The ‘majority’ statement claimed that if Lenin’s advice of 1920 (see Left-Wing Communism ) was valid when it was given, then it must be more valid in 1928, since the situation in the latter year was ‘not so revolutionary as in 1920’. The workers still had faith in the Labour leaders in spite of the Labour Government of 1924 and the betrayal of the General Strike; therefore the Communist Party must again help to ‘push a Henderson–Snowden Government into office’ as the only way whereby the workers might, through their own experience, learn the folly of reformism. In no circumstances must the Communists put up candidates against Labour Party men in any election where a possibility existed that to do so would let the Tory in.
Comrades Pollitt and Dutt, in their counter-statement, pointed out that Lenin’s advice of 1920 was given before there had been a Labour Government. How many Labour Governments had there to be before the Party appreciated that a new situation had come into being in which Lenin’s advice was no longer 100 per cent valid? In any event, ‘the view that we must wait for the conviction and disillusionment of the majority of the working class before the Communist Party can begin its direct fight against the Labour Party leadership leads to a dangerously passive, defeatist view of our role’. The existing policy towards the Labour Party (‘support with criticism’) was ‘a patchwork of confusion, endeavouring to combine virtually inconsistent policies. The disadvantages of two policies are combined without the advantages of either.’ The fall in the Labour vote noticed at by-elections in 1927 revealed the danger of apathy spreading in the working-class movement if a new, Communist leadership did not come to the front. Still more serious was the decline in Communist Party membership after the remarkable growth in 1926. It could not be explained, as spokesmen of the majority had tried to explain it, as due to ‘persecutions’; ‘where political interest and consciousness are strong, persecution can lead to increased strength and not to decline’. The majority were too fond of attributing setbacks due to their own mistakes to what they called ‘objective circumstances’. (For instance, they depicted ‘psychological depression’ as the inevitable and unalterable result of the betrayal of the General Strike; this was a libel on the workers and an alibi for the Party leadership.)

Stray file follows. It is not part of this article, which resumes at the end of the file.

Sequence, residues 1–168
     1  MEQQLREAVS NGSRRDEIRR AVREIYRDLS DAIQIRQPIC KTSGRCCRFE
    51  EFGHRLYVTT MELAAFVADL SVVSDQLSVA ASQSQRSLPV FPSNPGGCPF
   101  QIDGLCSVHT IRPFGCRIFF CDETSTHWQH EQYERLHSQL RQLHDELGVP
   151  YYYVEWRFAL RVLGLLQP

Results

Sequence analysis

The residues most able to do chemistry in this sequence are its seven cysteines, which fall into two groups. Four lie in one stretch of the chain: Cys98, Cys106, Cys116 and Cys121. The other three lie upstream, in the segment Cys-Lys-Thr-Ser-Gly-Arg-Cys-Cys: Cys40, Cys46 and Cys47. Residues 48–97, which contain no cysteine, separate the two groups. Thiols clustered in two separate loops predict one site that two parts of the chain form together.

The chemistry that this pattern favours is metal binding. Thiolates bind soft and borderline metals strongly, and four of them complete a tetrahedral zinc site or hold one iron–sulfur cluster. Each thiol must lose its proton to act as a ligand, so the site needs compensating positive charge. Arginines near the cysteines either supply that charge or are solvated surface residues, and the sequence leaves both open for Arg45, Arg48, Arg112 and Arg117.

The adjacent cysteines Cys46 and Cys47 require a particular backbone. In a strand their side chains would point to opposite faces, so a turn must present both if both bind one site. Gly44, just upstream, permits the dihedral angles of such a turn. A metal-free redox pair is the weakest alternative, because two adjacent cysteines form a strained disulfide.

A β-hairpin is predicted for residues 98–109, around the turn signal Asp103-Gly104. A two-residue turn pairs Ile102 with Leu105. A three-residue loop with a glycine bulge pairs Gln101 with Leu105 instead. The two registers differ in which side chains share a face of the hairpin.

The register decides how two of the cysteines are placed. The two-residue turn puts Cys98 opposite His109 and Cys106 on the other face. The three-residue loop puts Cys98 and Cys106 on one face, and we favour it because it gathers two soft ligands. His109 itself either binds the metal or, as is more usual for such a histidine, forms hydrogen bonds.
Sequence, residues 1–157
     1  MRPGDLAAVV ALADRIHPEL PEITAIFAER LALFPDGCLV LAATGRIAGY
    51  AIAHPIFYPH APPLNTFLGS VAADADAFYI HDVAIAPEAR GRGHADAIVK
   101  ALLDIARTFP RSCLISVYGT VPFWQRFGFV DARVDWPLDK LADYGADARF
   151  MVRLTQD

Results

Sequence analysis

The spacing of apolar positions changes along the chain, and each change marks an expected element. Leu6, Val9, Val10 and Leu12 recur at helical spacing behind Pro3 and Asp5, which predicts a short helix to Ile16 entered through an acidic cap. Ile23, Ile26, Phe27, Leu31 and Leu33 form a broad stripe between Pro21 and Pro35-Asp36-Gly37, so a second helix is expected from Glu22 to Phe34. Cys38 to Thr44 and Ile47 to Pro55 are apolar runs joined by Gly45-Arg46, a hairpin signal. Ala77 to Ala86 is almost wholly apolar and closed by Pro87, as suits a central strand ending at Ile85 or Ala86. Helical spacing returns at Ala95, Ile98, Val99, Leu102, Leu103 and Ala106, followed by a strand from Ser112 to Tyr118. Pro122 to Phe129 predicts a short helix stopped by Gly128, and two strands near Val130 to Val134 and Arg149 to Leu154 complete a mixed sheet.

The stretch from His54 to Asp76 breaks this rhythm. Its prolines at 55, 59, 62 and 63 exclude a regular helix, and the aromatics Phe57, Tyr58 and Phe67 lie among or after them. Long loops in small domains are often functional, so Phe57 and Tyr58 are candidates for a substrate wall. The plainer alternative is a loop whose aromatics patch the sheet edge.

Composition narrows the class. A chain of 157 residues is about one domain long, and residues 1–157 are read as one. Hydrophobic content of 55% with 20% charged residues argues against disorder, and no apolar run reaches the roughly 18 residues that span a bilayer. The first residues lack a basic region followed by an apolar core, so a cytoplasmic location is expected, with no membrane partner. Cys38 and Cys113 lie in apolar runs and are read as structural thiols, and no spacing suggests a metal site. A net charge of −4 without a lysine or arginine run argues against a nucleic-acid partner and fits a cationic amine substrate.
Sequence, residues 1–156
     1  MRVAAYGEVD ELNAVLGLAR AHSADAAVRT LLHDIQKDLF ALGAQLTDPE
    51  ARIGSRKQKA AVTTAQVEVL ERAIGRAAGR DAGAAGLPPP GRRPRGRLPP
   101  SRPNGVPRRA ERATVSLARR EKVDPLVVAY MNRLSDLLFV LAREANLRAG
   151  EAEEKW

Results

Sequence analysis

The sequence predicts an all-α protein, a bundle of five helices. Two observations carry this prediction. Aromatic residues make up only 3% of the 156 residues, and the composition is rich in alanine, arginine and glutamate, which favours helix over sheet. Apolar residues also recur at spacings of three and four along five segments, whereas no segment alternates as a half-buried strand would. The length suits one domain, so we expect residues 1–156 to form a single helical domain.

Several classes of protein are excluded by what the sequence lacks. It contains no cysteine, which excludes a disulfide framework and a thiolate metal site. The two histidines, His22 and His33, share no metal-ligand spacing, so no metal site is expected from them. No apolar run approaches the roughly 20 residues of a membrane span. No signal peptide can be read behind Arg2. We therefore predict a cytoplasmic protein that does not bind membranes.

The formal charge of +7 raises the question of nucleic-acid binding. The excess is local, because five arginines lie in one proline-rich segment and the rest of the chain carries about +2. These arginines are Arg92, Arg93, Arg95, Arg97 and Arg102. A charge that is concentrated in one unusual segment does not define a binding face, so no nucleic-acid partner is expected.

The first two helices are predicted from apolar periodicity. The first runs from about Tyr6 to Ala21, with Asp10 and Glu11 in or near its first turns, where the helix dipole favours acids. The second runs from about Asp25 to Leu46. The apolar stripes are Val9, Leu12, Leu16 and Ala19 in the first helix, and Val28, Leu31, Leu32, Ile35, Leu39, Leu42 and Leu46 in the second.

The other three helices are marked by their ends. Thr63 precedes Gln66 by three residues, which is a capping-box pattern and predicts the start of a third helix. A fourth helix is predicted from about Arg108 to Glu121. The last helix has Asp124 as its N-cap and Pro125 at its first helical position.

It is a serious fact that, at the same time as the leftward advance in the working class is visibly going forward in 1927, the Communist Party membership should be declining. We believe that an important part of the cause of this lies in the fact that the independent fighting leadership of the Communist Party, which was so strongly visible in the conditions of struggle in 1926, has not been able to be so visible in 1927… The solution of this lies in the independent political leadership of the Communist Party directly leading the fight against the official Labour Party leadership.
As regards election tactics, the Communist Party should everywhere appeal to the Labour candidate to subscribe to a set of ‘united front demands’ based on the immediate needs of the workers; where he accepted, the Party should work for him, but where he refused, ‘we should call on the workers to give him no support and to refuse to vote, explaining fully our reasons and making clear that as soon as we are strong enough we shall bring forward a real workers’ candidate’.